Marathon make-or-break debate gets underway
Britain's House of Commons becomes Brexit battleground
05 Dec 2018, 01:10 ( 2 Months ago)
British Prime Minister Theresa May said the five day Brexit debate which started Tuesday evening in the House of Commons will set the course Britain takes for decades to come.
The historic chamber was crammed with lawmakers in what has been described as one of the most crucial debates in a generation in British politics.
Next Tuesday MPs will vote on whether to support or reject a deal agreed between May's government and the European Union on Britain's future relationship with Brussels.
The start of the Brexit debate was delayed for hours after Speaker of the House John Bercow allowed MPs to discuss whether May's government was in contempt of parliament. MPs said the contempt arose because the government refused an order from the House of Commons to publish the full legal advice on the Brexit deal from Attorney General Geoffrey Cox.
In what was a rare procedure in the British Houses of Parliament, by a vote of 311 to 283, MPs decided the government was in contempt.
Leader of the House Andrea Leadsom said the full advice would now be published by the government on Wednesday.
MPs want to read the full document to see the precise advice given by Cox on the arrangements over the border between Northern Ireland and the Irish Republic, which will continue to be an EU member after Britain leaves the bloc next March.
Sir Keir Starmer, Labour's main Brexit spokesman, said later: "Today's finding of contempt is a badge of shame for this government. It is of huge constitutional and political significance. Never before has the House of Commons found Ministers in contempt of Parliament. Ministers left the opposition with no option but to bring forward these proceedings."
May said in her opening statement that the Brexit debate had been corrosive to politics in Britain.
She said Britain had joined what was the EEC at its third attempt in 1973, and two years later there was a referendum in which a third of the people said they wanted to leave.
In the 2016 referendum the majority of people voted that it wanted to leave the EU, and now the government was honoring that decision of the people.
She added: "What I believe is important is that we respect the views of those who voted leave and deliver Brexit. We also recognise that we do need to protect the trading relationship and ensure that we protect the jobs that rely on that trading relationship."
May told how she had spent nearly two years negotiating the Brexit deal, adding: "I have lost valued colleagues along the way and faced fierce criticism from all sides."
Jeremy Corbyn, leader of the main opposition Labour Party said May's deal would leave Britain over a barrel.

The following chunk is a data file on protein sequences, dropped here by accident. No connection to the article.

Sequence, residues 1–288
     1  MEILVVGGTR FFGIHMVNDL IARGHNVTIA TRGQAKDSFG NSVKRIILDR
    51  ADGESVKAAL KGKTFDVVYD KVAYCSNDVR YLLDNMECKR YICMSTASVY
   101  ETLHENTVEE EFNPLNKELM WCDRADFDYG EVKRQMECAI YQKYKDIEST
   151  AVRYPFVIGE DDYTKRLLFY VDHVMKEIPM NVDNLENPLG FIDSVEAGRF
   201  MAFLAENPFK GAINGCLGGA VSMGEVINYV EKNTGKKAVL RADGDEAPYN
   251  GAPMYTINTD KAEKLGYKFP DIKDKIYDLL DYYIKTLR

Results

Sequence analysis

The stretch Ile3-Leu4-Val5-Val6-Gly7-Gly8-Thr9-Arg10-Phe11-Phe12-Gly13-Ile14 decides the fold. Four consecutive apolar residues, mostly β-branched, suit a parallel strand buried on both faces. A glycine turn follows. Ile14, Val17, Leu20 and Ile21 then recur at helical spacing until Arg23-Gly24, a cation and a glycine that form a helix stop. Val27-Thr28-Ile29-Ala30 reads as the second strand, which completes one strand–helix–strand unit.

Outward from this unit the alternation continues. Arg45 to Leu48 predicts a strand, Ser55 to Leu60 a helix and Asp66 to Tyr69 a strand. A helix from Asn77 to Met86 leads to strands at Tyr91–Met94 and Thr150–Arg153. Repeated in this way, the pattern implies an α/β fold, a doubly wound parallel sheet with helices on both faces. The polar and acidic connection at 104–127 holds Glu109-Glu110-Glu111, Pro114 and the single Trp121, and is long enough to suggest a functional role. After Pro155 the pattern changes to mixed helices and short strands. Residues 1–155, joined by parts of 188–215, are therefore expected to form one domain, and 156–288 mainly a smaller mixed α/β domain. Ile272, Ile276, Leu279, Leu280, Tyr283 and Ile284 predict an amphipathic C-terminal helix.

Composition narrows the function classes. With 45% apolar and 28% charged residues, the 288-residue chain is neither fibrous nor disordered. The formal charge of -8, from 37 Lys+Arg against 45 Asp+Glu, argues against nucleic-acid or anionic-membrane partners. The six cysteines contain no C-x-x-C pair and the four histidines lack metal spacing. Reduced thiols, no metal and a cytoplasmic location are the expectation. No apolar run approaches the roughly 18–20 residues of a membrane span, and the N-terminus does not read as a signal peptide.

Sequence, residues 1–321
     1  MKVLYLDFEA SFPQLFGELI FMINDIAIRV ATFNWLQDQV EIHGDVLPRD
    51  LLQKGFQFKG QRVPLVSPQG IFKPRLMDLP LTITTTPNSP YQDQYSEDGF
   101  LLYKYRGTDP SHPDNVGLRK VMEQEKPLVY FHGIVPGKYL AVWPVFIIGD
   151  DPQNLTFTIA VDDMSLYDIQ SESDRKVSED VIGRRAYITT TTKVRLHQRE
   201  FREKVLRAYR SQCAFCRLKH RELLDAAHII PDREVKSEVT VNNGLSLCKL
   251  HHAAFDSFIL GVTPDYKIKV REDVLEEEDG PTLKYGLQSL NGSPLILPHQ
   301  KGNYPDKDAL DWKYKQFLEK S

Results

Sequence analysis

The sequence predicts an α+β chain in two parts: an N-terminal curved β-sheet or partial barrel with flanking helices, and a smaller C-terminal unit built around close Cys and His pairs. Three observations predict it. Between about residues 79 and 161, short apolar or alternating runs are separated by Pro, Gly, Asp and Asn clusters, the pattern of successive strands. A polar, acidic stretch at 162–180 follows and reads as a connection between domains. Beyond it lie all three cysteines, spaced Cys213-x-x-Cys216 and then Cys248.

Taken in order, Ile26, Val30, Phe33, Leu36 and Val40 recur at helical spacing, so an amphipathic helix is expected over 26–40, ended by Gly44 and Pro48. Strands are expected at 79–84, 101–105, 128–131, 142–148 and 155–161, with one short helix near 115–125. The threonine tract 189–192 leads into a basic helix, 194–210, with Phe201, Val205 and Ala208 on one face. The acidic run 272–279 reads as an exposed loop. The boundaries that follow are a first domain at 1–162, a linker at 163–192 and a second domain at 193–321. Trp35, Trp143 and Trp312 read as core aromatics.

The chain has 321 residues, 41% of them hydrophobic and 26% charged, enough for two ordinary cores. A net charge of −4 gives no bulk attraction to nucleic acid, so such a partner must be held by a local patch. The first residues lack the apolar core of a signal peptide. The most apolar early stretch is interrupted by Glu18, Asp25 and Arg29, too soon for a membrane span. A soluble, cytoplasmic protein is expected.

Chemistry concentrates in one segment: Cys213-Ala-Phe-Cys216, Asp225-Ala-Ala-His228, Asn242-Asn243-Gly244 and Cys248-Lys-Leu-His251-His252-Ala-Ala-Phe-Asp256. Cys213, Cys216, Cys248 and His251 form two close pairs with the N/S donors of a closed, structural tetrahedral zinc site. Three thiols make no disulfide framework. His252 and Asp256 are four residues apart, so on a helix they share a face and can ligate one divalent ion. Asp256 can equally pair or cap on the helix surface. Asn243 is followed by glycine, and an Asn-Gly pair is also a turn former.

He said that under the deal, Britain would face, at the end of a Brexit implementation period in December 2020, a choice of either paying more and extend the transition period or fall into the backstop arrangement over the Irish border.
"At that point Britain would be over a barrel," said Corbyn, adding that Britain would have to abide by EU rules.
"Under the Prime Minister's deal the UK is not taking back control, it is losing control," said Corbyn.
Corbyn, who favors a general election to decide the Brexit issue, said if the government loses the vote on December 11 it will have lost the confidence of the House of Commons.
He told MPs: "There isn't a deal, there is a framework for the partnership, a blindfold Brexit and MPs won't vote for a leap in the dark," he said, adding that May's agreement it's a bridge to nowhere.
Corbyn said there was an alternative to May's Brexit, saying Labour will vote against what is a bad deal for the country.
Vince Cable, leader of the minority Liberal Democrats, said the credibility of May's deal is evaporating
"This is now a Government on the ropes," said Cable, adding that May's majority has evaporated, and the credibility of her deal is evaporating with it."
Cable added: "The House of Commons is now very likely to defeat the government next week on the Brexit deal, at which point the country must be given a People's Vote, and asked to choose between the deal or remaining in the EU."
Nigel Dodds, the deputy leader of the Democratic Unionist Party (DUP) said his party does not fear the prospect of a snap general election.
May's minority government relies on support from the 10 DUP MPs at Westminster to give her a majority.
So far the DUP has said it will vote against May's deal.
Former Foreign Secretary Boris Johnson, who quit in protest at May's Brexit deal, said he hopes the House of Commons will vote against the deal next week.
Johnson said: "Now is the time, thinking about the EU's attitude towards us, to say they have underestimated this country and government."